Whenever I'm directing a large group project, I anticipate gallons of glue or paint, or whatever other material is being used ending up all over the floor. Here are some great refrains to remind the kids to stay focused on the task
"Dot, Dot, Not A Lot"
"A Dot of Glue will Do"
"Open, Shut, Open, Shut, This is how we learn to Cut"
My final Chanukah post is here! This one is family friendly, and super fun to do at home!
What you'll need:
Homemade or store-bought plain doughnuts
Icing bags and tips or syringes
Set out the doughnuts and the various toppings, spreads and fillings. Let the kids 9and adults go to town decorating and creating their favorite flavors! Use the icing bags to fill the doughnuts as desired. Poke a hole using a knife into the center of the doughnut from the side. Then, place the tip of the icing bag inside the hole and squeeze the filling inside. You can even combine fillings! Squeeze some custard, some chocolate, some caramel, etc.... The skit's the limit!!
Enjoy your delicious doughnuts!!
This is a fun alphabet center that helps reinforce letter recognition, fine motor skills, and pre math skills.
What you'll need:
2 baskets or bowls
alphabet cards- half random letters and half the letter that you're teaching
2 posts or chairs
Attach the yarn to the 2 chairs, stretching it tight so that it resembles a clothesline. Mix the alphabet cards and place them in one of the bowls or baskets. Stick the clothespins on the yarn.
Activity: Have the kids sort out the letter that's being taught and place those cards in the second basket/bowl. Then, have the kids hang the letters on the clothesline.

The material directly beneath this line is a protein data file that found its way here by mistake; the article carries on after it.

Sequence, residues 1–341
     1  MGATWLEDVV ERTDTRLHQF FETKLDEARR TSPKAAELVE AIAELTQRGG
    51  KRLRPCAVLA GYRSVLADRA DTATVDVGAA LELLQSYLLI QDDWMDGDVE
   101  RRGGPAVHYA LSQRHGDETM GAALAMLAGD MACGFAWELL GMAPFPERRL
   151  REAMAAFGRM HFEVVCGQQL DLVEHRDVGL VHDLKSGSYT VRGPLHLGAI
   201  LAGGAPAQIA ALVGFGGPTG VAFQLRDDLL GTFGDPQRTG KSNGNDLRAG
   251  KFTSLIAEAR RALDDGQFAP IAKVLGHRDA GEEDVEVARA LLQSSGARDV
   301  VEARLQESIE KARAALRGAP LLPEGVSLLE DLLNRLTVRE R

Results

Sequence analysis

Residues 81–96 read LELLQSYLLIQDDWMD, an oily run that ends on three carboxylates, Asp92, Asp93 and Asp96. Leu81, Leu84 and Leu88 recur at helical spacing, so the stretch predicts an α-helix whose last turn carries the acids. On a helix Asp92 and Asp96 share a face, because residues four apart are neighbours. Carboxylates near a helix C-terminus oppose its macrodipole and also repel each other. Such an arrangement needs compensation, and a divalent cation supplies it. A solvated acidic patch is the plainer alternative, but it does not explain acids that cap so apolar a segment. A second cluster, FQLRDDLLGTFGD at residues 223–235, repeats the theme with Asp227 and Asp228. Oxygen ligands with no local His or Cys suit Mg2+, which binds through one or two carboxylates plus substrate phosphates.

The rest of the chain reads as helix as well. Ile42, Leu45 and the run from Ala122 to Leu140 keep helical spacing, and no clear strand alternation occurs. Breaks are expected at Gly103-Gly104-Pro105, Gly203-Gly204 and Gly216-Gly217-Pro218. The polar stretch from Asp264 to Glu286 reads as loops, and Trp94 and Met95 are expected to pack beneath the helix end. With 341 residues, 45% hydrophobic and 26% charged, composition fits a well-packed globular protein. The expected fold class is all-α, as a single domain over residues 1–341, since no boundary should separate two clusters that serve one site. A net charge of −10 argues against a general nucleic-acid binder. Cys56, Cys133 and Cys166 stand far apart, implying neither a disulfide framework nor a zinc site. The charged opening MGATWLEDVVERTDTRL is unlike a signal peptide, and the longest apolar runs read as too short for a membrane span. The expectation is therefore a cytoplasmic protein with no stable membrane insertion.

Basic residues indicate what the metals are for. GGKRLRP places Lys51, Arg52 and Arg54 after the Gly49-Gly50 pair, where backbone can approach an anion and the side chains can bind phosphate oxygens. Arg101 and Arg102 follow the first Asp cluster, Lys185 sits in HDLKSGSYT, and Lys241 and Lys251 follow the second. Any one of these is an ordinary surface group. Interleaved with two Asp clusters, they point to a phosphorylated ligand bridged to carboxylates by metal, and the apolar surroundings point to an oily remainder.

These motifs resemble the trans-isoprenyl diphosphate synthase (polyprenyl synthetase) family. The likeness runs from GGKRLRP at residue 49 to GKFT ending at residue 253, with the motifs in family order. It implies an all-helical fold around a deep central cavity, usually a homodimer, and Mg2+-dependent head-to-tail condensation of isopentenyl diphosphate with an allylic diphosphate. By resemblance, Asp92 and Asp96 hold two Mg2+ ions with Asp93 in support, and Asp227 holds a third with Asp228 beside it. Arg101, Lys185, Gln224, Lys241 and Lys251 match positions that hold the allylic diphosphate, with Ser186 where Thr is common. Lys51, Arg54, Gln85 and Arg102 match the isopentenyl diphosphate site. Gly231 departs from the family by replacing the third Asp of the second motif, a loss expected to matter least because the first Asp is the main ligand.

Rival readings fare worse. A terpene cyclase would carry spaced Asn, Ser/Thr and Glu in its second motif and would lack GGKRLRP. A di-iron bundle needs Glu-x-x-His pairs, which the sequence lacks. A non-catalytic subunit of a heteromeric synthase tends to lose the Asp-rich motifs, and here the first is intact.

Have the kids remove the letters and shuffle them for the next child.
It's that fateful day! Right before the holiday, or at the end of whatever your current unit is, and you need to pack everything up and send it home, so that parents can ooh and aah over your creative genius! Now, if you've just finished a run of the mill unit- say transportation,- you'll pack up the crafts and send them home, explanations included in the newsletter. But when holidays roll around, like today when sending home Chanukah crafts, I think it's important to wrap them specially in order to convey the importance and "specialness" of the contents. It's a way to tell parents, babysitters, or whoever's picking the kids up to handle the crafts with care, and that the contents should be examined with joy and fanfare.
So how do you do it? Well, that depends on what and how much you're sending home. We sent home our Menorahs and Menorah mats today. I wrapped the menorahs in cellophane, tied them off with some repurpose fabric remnants and trims, then taped the ensemble to the Menorah mat. I placed them on each child's cubby, ad had a sign on the door asking parents to please take their child's crafts from there.
When I send home more than that, I try to find paper gift bags. If you don't have the budget for that, give the kids regular paper shopping bags, and have them decorate the bags with glitter, paint, stickers, sky's the limit! This also adds another craft to your schedule, and the kids are doubly excited to be taking home crafts in the bag they "made".
Then, a nice touch is to have the kids pack up their crafts by themselves. You can do this either by setting up the table with a bag and each child's items stacked next to it, or 1 on 1 with the kids to reinforce literacy, and have them find their crafts t place in their bag.
Finally, during your goodbye circle or routine- take one child's bag, and show the children what they'll be taking home. Go through each item, reminding them of the process and what it is. This also reinforces the kids' excitement when taking the crafts home.
We all end up buying and receiving far more chocolate coins for Chanukah than we know what to do with! This is a fun a activity that you can do either with the wrapped chocolates, or with the recycled wrappers!
You will need:
Simply tape the coins to the paper using the scotch tape. If you are doing this with the wrappers, tape them outside-down. Flip the paper over and hold the crayon at about a 30 degree angle from th paper, or unwrap the crayon and hold it so that it's horizontally parallel to the paper and color offer the whole paper. The kids will find the appearance of "pictures" magical!